To appease Japan Fair Trade Commission, Apple agreed to relax its anti-steering rules for Reader apps globally. What it means is that the likes of Spotify and Netflix should be able to sell digital goods to consumers without paying commission to Apple by adding a link to an outside webpage. Historically, Apple was vehemently against this, but the regulatory pressure has been piling up around the world so I guess this is Apple’s pre-emptive action to hopefully get some relief. I have seen some developers skeptical of how this change in policy will actually pan out. I mean, they have reasons to, but given the resources and clout at Apple’s disposal, this is a great step for developers. For consumers, this remains to be seen. One of the selling points of the App Store is that consumers feel safe whenever they make a purchase. Since Reader apps can now direct consumers to outside the App Store, it will depend on who will make the determination as to which app can qualify for the new policy. There remains a possibility that some developers with a harmful agenda can camouflage their app as a Reader App and commit fraud.
Apple Plans Blood-Pressure Measure, Wrist Thermometer in Apple Watch. Apple’s positioning of the Apple Watch is very smart. It’s not trying to compete with normal watches whose main function is to tell time or luxury watches whose main value is the bragging rights. By focusing on the watch wearers’ health, Apple sticks to its core value of providing hardware that is personal to consumers and its strengths, mainly the combination of hardware & software as well as its ecosystem.
How Disney and Scarlett Johansson Reached the Point of No Return. The legal debacle with Scarlett Johansson is unfortunate and worrying as it foreshadows what could be in store for Disney in the future if they didn’t learn from this lesson. According to the article, it could have been avoided, yet here we are. Plus, the pandemic, the interconnectedness of Marvel storylines, the pressure on the bottom line and the priority status imposed on Disney+ make release distribution a delicate matter. While Black Widow brought in $60 million in extra revenue and profit from the Premier Access, Kevin Feige, the Marvel boss, wasn’t happy about it. Putting “Black Widow” on Disney+ conflicted with Mr. Feige’s tiered approach—creating TV shows that complement movies on the big screen. He resisted plans for the movie’s simultaneous release, in part because he didn’t like the idea of having one of Marvel’s few female-driven movies demoted to the at-home streaming service, said people familiar with his thinking.
“Buy Now Pay Later” (BNPL) lets consumers break down purchases into smaller installments, either for free or with a charge. Sounds familiar? BNPL isn’t a new concept. Your credit card is essentially the OG of BNPL. When you put a big purchase (like a mattress or a new smart TV) on your credit card, you can spread out the outstanding balance into smaller chunks over a few months. If you make prompt payments every cycle, there will be no finance charge or late fees. Otherwise, you’ll incur penalties which can be fairly expensive as credit cards’ APR is usually in the high teens or the 20s.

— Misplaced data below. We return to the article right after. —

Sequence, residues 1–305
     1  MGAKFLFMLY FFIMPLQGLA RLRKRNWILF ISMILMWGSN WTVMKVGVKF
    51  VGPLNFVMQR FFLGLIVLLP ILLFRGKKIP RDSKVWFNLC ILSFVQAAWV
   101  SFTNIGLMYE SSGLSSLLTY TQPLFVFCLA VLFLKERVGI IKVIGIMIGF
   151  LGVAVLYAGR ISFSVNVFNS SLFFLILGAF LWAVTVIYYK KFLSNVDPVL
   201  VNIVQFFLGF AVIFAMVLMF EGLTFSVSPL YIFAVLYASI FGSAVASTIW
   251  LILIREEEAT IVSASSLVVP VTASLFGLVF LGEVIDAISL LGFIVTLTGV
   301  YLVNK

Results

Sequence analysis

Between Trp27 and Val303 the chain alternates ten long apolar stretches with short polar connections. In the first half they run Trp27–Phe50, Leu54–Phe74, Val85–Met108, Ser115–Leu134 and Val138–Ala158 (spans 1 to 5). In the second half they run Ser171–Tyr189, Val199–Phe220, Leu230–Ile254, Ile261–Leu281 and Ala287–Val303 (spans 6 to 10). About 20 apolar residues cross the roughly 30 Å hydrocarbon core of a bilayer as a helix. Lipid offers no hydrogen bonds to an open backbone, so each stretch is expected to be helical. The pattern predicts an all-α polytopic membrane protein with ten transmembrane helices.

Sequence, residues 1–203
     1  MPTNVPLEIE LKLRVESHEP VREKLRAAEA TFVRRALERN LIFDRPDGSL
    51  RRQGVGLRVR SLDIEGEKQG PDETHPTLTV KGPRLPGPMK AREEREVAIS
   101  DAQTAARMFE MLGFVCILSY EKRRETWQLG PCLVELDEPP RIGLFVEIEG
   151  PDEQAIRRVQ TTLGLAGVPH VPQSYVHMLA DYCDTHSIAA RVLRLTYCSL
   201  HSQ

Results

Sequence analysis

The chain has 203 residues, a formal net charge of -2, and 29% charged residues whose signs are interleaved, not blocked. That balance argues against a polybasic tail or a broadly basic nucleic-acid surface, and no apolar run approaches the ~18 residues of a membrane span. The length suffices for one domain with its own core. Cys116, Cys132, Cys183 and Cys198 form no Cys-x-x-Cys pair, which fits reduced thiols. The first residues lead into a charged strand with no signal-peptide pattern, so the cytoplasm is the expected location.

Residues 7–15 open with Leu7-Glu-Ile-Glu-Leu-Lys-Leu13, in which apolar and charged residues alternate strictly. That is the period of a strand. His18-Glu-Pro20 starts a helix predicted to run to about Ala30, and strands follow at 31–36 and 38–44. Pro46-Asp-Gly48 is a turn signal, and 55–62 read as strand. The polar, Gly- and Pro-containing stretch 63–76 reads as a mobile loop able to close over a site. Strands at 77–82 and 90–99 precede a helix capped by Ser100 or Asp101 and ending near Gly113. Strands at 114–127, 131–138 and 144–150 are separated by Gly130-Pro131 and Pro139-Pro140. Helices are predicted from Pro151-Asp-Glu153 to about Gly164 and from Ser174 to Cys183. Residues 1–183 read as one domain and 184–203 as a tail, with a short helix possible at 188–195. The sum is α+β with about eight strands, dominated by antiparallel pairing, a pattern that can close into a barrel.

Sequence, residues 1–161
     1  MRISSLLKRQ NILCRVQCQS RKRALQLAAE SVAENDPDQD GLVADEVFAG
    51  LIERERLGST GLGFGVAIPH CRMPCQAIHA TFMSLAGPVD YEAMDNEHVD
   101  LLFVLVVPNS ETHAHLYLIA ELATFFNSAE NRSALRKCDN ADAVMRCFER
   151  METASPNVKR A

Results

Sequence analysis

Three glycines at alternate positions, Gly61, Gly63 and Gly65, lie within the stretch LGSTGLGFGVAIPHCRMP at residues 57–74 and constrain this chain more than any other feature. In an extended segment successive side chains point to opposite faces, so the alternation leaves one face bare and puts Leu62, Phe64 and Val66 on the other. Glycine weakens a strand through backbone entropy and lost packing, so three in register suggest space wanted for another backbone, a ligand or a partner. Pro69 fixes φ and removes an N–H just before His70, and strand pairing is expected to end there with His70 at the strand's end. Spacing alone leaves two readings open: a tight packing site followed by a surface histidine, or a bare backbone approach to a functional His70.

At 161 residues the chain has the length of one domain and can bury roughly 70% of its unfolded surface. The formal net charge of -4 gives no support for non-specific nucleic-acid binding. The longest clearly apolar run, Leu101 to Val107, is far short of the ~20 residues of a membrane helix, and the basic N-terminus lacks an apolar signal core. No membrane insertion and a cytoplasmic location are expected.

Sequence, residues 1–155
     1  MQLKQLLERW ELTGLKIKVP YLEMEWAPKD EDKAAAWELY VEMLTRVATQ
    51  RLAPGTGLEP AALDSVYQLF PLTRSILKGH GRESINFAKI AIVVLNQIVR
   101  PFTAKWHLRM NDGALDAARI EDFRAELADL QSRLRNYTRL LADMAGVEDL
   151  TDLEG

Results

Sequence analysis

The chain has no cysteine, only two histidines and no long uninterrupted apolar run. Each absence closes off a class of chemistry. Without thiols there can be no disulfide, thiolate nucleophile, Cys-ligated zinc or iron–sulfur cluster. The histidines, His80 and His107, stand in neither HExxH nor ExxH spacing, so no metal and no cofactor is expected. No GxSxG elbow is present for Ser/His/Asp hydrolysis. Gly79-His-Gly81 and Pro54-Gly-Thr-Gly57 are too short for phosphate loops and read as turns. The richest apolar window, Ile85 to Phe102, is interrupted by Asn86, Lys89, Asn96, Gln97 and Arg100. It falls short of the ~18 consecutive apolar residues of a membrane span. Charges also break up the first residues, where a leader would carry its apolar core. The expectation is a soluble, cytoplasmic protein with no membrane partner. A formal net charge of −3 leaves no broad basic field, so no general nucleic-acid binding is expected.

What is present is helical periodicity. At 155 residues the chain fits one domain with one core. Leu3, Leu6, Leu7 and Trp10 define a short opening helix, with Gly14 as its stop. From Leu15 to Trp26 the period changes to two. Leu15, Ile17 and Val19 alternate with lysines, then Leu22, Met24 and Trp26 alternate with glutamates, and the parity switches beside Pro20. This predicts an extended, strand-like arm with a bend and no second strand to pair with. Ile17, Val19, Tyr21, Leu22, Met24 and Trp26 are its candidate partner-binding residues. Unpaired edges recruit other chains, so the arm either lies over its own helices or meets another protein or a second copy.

What is the difference between BNPL and credit cards then? While credit cards can be convenient, securing approval isn’t always easy, especially for low FICO customers. Even though possession of a credit card can boost one’s FICO in the long term, upon an application for a new card, consumers will likely receive a hard FICO pull which hurts their standing in the short term; the price that some customers are reluctant to pay. Furthermore, it can take a couple of weeks for consumers to receive their plastics. With BNPL, consumers can receive a decision from BNPL online in a few minutes and there is only a soft FICO pull that doesn’t hurt their credit standing in the short term. As Covid-19 forced businesses to move from brick-and-mortar to online and it placed significant financial constraints on consumers, it created a perfect environment for BNPL to thrive.
Who are the main players and what do they offer?
Afterpay is among the biggest BNPL lenders in the US. Hailing from Australia, the company only entered the US market in 2018. Remarkably, the US has quickly become the biggest contribution to the company’s revenue in only 3 years. Afterpay doesn’t charge interest. Consumers make the down payment at the time of the purchase and have to pay off balance in 6 weeks (a payment every 2 weeks) to avoid late fees.
Klarna is a Swedish startup that offers payment and financial services, including BNPL. It entered the US market in 2015. Klarna allows consumers to make interest-free installments within 30 days or 6 weeks. It also offers high-interest financing options that spread out payments in a longer term.
US consumers should be very familiar with Paypal. The company launched its BNPL offering last August. Paypal’s BNPL is similar to Afterpay’s, allowing consumers to break down purchases into 4 interest-free installments.
Affirm was founded by ex Paypal, Max Levchin in 2012. Its model is slightly different from other BNPL lenders’ in a sense that Affirm doesn’t charge consumers usage or late fees. Payment options include monthly interest-free installments in 3 months or installments with interest over a longer period.
These startups have played an important role in popularizing BNPL. Now, banks joined the party. Amex launched its BNPL a couple of years ago, but on a fairly limited basis. Since then, it has opened it up to more customers. Chase also introduced its own version called “My Chase Plan”. These banks let consumers make interest-free installments with a monthly fee equal to a percentage of the purchase’s amount. This gives borrowers incentive to pay off their balance as soon as possible, because the longer the plan is, the more fee they will have to pay. Amex even lets its customers combine multiple purchases into one BNPL plan. Unlike startup BNPL providers, these banks impose a minimum requirement of $100 per purchase, along with other criteria, to ensure that customers aren’t overextended.